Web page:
Risk Managment

Risk Management Procedures

The Group is equipped with a Risk Management System, formalised in the policies issued by the Board of Directors of the parent company as an act of direction and coordination, as well as by the Board of Directors of the individual subsidiaries. The Risk Management System aims to ensure the effective management of risks arising in the course of the Group's activities, paying special attention to the most significant risks; this refers to those risks that may undermine the solvency of the Group and the companies belonging to it or compliance with corporate goals, including those contained within the Risk Appetite framework. The main objective of the Risk Management System is to ensure the ability to meet commitments to policyholders, beneficiaries and victims and, more generally, to the various stakeholders.

The Group therefore pursues the objective of preserving its financial strength and a satisfactory level of profitability. To this end, the risk management process takes into account the objectives of the Business Plan and the annual budget. This process consists of the following macro-phases, carried out recursively:

  • identification and assessment of risks;
  • definition of the level of Risk Appetite;
  • definition of underwriting and risk management policies;
  • definition and assignment of operating limits;
  • risk monitoring and mitigation;
  • reporting.

Each company’s exposure to different types of risk is also summarised every six months through the use of the risk map, which aims to be a point of convergence of the detailed information collected, monitored and managed, to give a unified and effective representation of the risk position.

Risk Appetite contributes, in combination with other orientation processes, to guide the strategic decisions of the Group and its companies. To this end, the Group has adopted a three-dimensional structured framework, specifically:

  1. Risk Appetite: measured and managed through the definition of Solvency II Ratio fluctuation bands and thresholds;
  2. Risk Appetite by type of risk: defined in accordance with the level of Risk Appetite, also articulated via “soft” and “hard” risk appetite limits, expressed in terms of SCR or on a qualitative scale;
  3. Operating limits: declination of Risk Appetite in the daily management of risk by assignment (and monitoring) of operational limits.
 

Market risks

Market risks are the first category of exposure within the types of risk that the Group is subject to.

Particularly relevant are the risks of variation in credit spreads, property markets and stock prices. These are followed by interest rate risk, currency risk and concentration risks.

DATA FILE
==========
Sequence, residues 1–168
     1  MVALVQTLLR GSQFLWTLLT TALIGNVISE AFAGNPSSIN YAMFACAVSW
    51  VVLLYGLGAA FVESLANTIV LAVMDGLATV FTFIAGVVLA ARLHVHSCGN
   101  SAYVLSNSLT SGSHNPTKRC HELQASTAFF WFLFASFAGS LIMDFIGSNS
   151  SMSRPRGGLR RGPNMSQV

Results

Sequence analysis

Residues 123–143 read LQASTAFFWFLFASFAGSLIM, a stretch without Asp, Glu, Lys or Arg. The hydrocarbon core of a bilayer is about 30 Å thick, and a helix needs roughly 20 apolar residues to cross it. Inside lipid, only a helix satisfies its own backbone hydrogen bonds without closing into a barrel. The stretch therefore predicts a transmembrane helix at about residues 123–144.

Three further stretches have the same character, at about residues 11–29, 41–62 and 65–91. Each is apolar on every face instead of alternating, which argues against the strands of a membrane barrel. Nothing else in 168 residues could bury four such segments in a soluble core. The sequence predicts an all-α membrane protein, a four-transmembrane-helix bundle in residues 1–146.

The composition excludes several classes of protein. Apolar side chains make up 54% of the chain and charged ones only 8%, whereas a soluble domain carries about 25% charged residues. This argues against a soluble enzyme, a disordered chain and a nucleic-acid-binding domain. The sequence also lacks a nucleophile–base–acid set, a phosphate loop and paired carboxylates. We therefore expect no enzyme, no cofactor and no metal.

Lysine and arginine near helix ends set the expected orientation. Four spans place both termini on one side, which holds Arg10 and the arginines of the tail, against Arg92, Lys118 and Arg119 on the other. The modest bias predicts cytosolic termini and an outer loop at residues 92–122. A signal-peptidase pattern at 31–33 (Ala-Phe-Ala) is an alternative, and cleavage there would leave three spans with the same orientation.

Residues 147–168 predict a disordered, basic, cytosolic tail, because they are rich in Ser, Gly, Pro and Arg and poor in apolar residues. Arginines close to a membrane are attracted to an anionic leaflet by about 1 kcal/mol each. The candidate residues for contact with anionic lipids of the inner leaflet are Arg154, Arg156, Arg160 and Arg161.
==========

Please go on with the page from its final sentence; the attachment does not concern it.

The exposure to spread risk is linked to the sizeable bond issue that the total portfolio is invested in, which includes a portion of corporate issuers. Property risk is a direct consequence of overall exposure to property, with which a significant percentage of absorption of regulatory capital is associated to date.

 

Operational risks

The Group’s operational Risk Management System aims to prevent and reduce any losses that may occur as a result of harmful events, through a process that includes their identification, measurement and mitigation, as well as the systemic spread of risk-based culture in everyday operations. This approach allows us to bolster the internal control system, improve the efficiency and effectiveness of management processes, and foster dialogue with the Board of Directors, Senior Management and the Board of Statutory Auditors of the companies in the Group.

There are three types of event to which the Group is most exposed, in terms of both number and level of exposure:

  1. the execution, delivery and management of processes due to events occurring in the daily operations of the business, also taking into consideration the activities that the companies of the Group have outsourced to both other companies belonging to the Group and external suppliers,
  2. the interruption of operations and malfunctions in the information systems and
  3. fraud associated with claim settlements and assumption of risk. The predominant type is related to the execution of processes, whilst the risk of fraud, however, which is inherent to the business and common in the insurance system, is numerically reduced even though the phenomenon as a whole still poses a significant risk. With regard to these risks, however, there are no material concentrations.

The national landscape highlights, however, a growing level of national attention to cyber risk and business interruption risk, coming into line with the international picture, leading us to review the trend of exposure to this risk as moderately growing, also showing the need for information technology systems to be properly secured. As such, the main mitigating actions undertaken by the Group are focused in that direction.